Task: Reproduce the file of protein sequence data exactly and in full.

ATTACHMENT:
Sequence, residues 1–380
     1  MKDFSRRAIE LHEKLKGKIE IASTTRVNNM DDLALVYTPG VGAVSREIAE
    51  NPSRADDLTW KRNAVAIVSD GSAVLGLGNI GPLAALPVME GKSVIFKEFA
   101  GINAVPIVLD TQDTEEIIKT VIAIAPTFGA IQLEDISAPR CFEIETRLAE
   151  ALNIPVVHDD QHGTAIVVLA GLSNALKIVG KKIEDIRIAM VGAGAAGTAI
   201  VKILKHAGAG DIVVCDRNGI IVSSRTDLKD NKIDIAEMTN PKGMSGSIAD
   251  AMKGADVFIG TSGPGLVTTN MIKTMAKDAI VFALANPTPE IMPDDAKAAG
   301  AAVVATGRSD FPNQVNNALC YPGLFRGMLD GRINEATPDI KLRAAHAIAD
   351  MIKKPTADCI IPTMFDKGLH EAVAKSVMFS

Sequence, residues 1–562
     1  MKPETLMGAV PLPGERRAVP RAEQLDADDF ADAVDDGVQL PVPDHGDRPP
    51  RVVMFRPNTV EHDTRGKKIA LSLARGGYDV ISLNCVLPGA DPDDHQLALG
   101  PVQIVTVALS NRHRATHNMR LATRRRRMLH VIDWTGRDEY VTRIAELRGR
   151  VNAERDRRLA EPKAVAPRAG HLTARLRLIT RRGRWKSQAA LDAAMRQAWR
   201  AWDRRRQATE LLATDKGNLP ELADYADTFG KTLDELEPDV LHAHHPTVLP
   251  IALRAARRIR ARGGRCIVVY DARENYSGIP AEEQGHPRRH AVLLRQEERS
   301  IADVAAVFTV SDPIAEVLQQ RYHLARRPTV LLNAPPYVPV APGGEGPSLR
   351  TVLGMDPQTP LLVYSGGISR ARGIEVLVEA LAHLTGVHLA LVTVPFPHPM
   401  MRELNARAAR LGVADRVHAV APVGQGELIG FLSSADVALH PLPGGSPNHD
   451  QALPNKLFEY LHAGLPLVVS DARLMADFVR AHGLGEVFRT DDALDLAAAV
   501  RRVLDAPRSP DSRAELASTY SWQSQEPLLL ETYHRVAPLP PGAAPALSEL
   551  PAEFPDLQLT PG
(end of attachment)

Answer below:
Sequence, residues 1–380
     1  MKDFSRRAIE LHEKLKGKIE IASTTRVNNM DDLALVYTPG VGAVSREIAE
    51  NPSRADDLTW KRNAVAIVSD GSAVLGLGNI GPLAALPVME GKSVIFKEFA
   101  GINAVPIVLD TQDTEEIIKT VIAIAPTFGA IQLEDISAPR CFEIETRLAE
   151  ALNIPVVHDD QHGTAIVVLA GLSNALKIVG KKIEDIRIAM VGAGAAGTAI
   201  VKILKHAGAG DIVVCDRNGI IVSSRTDLKD NKIDIAEMTN PKGMSGSIAD
   251  AMKGADVFIG TSGPGLVTTN MIKTMAKDAI VFALANPTPE IMPDDAKAAG
   301  AAVVATGRSD FPNQVNNALC YPGLFRGMLD GRINEATPDI KLRAAHAIAD
   351  MIKKPTADCI IPTMFDKGLH EAVAKSVMFS

Sequence, residues 1–562
     1  MKPETLMGAV PLPGERRAVP RAEQLDADDF ADAVDDGVQL PVPDHGDRPP
    51  RVVMFRPNTV EHDTRGKKIA LSLARGGYDV ISLNCVLPGA DPDDHQLALG
   101  PVQIVTVALS NRHRATHNMR LATRRRRMLH VIDWTGRDEY VTRIAELRGR
   151  VNAERDRRLA EPKAVAPRAG HLTARLRLIT RRGRWKSQAA LDAAMRQAWR
   201  AWDRRRQATE LLATDKGNLP ELADYADTFG KTLDELEPDV LHAHHPTVLP
   251  IALRAARRIR ARGGRCIVVY DARENYSGIP AEEQGHPRRH AVLLRQEERS
   301  IADVAAVFTV SDPIAEVLQQ RYHLARRPTV LLNAPPYVPV APGGEGPSLR
   351  TVLGMDPQTP LLVYSGGISR ARGIEVLVEA LAHLTGVHLA LVTVPFPHPM
   401  MRELNARAAR LGVADRVHAV APVGQGELIG FLSSADVALH PLPGGSPNHD
   451  QALPNKLFEY LHAGLPLVVS DARLMADFVR AHGLGEVFRT DDALDLAAAV
   501  RRVLDAPRSP DSRAELASTY SWQSQEPLLL ETYHRVAPLP PGAAPALSEL
   551  PAEFPDLQLT PG